As soon as Pfizer-BioNTech’s COVID-19 vaccine was OK’d for ages 12–15, appointment slots were quick to fill with at least 600,000 having received their first dose. But while many parents have jumped at the opportunity to get their children vaccinated, some are still hesitant.
A survey from Kaiser Family Foundation found that 32% of parents said they would wait to see how the vaccine works before getting their child vaccinated. The survey also found that 19% of parents would not get their child vaccinated.
Three AMA members took time to discuss what they wish parents knew about COVID-19 vaccination for their kids. They are:
- Joanna Bisgrove, MD, a family physician in Madison, Wisconsin.
- Frank Clark, MD, a psychiatrist in Greenville, South Carolina.
- Christopher Garofalo, MD, a family physician in Attleboro, Massachusetts.
Drs. Bisgrove, Clark and Garofalo are also members of the AMA Ambassador Program, which equips individuals with the skills and knowledge to confidently speak to the AMA's initiatives and the value of membership. The program also increases overall awareness about what the AMA does for physicians and their patients.
Here is what these physician parents had to say.
This protects your child
“This may seem scary. There are quite a few people who are OK with vaccines for themselves, but this is their child. That’s even more of a reason to do this because this protects your child,” said Dr. Bisgrove, who took her 14-year-old daughter, Caitlyn, for her Pfizer COVID-19 vaccine the first day it was available. Both were together during this interview. “This protects my girl with asthma, and she’s been the one I have been worried about for this entire year-plus of the pandemic."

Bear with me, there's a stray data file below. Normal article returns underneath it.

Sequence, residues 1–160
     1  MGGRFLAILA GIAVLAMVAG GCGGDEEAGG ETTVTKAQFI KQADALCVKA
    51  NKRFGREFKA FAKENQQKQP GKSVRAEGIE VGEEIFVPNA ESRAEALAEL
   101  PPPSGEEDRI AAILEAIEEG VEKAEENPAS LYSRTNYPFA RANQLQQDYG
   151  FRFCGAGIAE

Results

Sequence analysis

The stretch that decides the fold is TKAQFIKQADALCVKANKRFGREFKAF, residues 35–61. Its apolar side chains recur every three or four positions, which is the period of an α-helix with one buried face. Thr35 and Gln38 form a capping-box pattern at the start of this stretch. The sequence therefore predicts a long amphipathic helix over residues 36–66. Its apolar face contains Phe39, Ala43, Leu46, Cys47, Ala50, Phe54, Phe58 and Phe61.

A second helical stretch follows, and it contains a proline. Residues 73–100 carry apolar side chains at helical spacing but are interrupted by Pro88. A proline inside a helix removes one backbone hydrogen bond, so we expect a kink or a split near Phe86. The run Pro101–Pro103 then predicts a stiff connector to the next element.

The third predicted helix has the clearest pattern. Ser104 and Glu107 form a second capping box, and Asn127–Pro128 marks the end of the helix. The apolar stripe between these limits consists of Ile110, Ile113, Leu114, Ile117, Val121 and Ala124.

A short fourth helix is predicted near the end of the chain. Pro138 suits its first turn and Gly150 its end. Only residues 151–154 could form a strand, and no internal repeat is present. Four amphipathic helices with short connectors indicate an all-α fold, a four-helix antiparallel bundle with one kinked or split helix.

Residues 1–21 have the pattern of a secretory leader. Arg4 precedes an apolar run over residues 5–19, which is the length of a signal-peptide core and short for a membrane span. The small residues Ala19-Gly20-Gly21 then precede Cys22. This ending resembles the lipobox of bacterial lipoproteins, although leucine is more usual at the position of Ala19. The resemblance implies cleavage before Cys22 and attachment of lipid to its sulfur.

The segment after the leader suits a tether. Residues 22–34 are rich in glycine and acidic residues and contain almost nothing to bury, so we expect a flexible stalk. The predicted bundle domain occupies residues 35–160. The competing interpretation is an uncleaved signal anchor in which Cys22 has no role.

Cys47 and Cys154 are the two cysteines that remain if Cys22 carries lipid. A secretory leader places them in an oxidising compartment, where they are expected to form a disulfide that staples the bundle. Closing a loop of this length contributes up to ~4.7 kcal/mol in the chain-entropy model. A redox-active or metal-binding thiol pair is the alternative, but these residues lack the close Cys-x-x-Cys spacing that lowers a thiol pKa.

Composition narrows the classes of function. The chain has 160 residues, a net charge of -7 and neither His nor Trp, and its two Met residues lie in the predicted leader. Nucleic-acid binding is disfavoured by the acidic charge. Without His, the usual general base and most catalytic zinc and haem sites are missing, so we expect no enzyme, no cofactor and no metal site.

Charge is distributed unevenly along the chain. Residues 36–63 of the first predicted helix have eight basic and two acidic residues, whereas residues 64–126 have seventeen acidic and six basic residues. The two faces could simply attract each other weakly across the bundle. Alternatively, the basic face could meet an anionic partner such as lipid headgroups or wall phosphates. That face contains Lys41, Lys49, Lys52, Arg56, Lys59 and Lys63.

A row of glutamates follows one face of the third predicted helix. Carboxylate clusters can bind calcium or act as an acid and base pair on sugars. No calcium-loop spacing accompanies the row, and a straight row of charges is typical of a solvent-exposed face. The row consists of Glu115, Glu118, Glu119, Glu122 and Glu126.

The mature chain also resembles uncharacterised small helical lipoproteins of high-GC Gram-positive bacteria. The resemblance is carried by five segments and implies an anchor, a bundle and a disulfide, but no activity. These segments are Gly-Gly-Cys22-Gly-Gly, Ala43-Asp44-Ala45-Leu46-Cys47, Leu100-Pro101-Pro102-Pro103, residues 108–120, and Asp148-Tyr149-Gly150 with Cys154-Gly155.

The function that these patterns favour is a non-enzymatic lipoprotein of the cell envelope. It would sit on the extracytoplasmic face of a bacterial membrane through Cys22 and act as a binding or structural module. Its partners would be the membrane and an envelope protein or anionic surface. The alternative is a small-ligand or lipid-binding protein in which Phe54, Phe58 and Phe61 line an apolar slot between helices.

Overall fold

“For me being a physician, working in the offices and being potentially exposed to COVID every single day, my biggest fear was getting one of my family members sick and that fear lessened when I got the shot,” she added. “But it’s even better now that she’s getting vaccinated.”
Share the decision with your children
“At the end of the day, talk with your child about getting vaccinated,” said Dr. Clark, an American Psychiatric Association Delegate to the AMA Section Council on Psychiatry This means asking “how they feel about getting vaccinated and what their fears are.”
“Sometimes as parents we often assume we know what our child is going to say or what they think, but 12- to 15-year-olds have a voice and their fears may be different than their parents,” he said, emphasizing that “it is important to make sure that when those conversations are happening, that child is involved.”
“A silver lining for this age range getting this vaccine is that we want people to be involved in their health at an early age,” said Dr. Clark. “If they can start asking questions like this about a vaccine, imagine what that looks like long-term for them as they grow—it empowers this generation to be more informed and more knowledgeable about their bodies.”
Dr. Bisgrove saw this shared decision-making firsthand with her daughter. While at her vaccination appointment, “they talked to her about the vaccine. They asked her all the questions directly and even asked more than once,” she said. “They know that there are a lot of parents who are overeager, and they want to make sure this is what the kid wants.”